A packed hall of audience, enthusiastic speakers to share their experiences and inquisitive budding entrepreneurs. This is how TechSparks kicked off its second meetup in the pink city ‑ Jaipur.
The theme of the meetup was how to grow, build and monetise startups. Besides, it also covered a slew of topics on the entire startup ecosystem. Speakers spoke their heart out and shared their views and takes on entrepreneurship.
Chentan Bakshi, Founder of Startup Oasis, touches the very first aspect of the startup business – a minimum viable product (MVP), which is the smallest prototype you build that delivers the core customer value and captures the maximum amount of learning from the target customer with the least effort.
He says that startup is about innovation and discovering the business model. The process of startup is messy, with multiple failures. These are some of the factors which identify the importance of MVPs for startups.
Talking on the building, growth and monetisation process, Anurag Jain, Co-founder of CarDekho, almost a decade old company, says that the aim of the startup should be to build a sustainable business. “Eight years ago, when my brother Amit Jain and I co-founded the company, it was not for the sake of any startup glory, but to provide genuine solutions which we people needed. The buzz word startup wasn’t even there then. We were building a company not a startup.”
Touching upon the similar line, Anshul Khandelwal, Founder, of Upside9, says that the mobile application is the new fad in the startup ecosystem. She adds that startups should ensure whether their businesses genuinely need mobile applications for the solutions they offer.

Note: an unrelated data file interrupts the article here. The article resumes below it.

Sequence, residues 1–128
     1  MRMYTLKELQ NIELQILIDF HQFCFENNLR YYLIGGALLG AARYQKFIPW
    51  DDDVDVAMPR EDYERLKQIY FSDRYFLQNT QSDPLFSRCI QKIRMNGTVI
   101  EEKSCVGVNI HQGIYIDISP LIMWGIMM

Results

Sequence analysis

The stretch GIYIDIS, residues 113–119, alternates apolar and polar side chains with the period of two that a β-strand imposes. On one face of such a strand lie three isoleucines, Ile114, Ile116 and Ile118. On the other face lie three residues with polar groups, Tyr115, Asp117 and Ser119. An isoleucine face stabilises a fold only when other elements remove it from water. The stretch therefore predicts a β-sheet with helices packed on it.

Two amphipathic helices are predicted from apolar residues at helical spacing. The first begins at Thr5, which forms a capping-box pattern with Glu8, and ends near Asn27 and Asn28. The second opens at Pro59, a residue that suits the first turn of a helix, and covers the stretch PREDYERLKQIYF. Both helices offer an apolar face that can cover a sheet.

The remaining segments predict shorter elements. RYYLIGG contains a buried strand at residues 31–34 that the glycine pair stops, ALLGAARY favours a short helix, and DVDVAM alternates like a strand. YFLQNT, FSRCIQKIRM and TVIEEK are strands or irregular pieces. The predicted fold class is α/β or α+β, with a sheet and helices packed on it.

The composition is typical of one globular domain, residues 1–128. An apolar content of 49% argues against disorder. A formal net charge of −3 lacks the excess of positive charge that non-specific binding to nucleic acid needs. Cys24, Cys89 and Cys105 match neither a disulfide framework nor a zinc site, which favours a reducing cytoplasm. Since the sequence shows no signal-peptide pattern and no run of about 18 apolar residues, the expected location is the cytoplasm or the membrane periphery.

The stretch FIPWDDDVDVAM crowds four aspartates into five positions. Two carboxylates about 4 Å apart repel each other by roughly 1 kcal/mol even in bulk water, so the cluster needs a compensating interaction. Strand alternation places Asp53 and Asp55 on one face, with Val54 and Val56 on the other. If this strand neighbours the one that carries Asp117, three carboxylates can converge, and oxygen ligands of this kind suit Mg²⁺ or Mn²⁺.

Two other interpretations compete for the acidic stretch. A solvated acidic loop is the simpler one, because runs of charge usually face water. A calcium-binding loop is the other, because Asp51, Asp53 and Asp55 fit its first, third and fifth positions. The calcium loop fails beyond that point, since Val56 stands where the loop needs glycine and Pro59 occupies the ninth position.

She adds if they need, then they must know how to build the mobile strategy – target audience, application design, existing infrastructure and other areas – instead of going blindly about building an application.
After building a startup, another step is achieving growth. Of various factors, standout products and large customers are the two most important factors which help to achieve the growth numbers.
Amit Deep Kumar, Founder of KhanaGaDi, points out that packaging, assortment and delivery are the three important areas which makes his product different from others.
Today, concentrating on the three standout factors, he has been able to achieve the growth he envisioned while launching the company. In 11 months’ time, with tie-ups of more than 300 vendors, the platform has been able to offer services at 220 stations in 21 states across the country.
On monetisation process, Sahil Agarwal of Hippo Cabs shared his experience on the right unit economics model. “When we launched our first product, we tried cab sharing model to provide to and fro services between Jaipur and Delhi. However, this business model wasn’t yielding as much profit as expected. So, we decided to pivot that model to single occupancy cab travel between Jaipur and Delhi.”
He adds that now in the present business model it has both B2B2C element. He has tied up with many corporates in Jaipur and Delhi and offers services to them. Besides, it is also continuing its services to non-business consumers as well.
He says that to maintain that unit economics in the business, he is not thinking of radical expansion of the company.
Talking about the funding rage, he cautioned startups about it. Funding is not the solution. Funding can’t build businesses. The requirement of VCs money comes much later.
Addressing the entrepreneurs, Anurag of CarDekho echoes similar sentiments and says that you are building businesses for yourselves not for VCs. He gave CarDekho’s example when the company raised its first tranche of funding years after founding the company.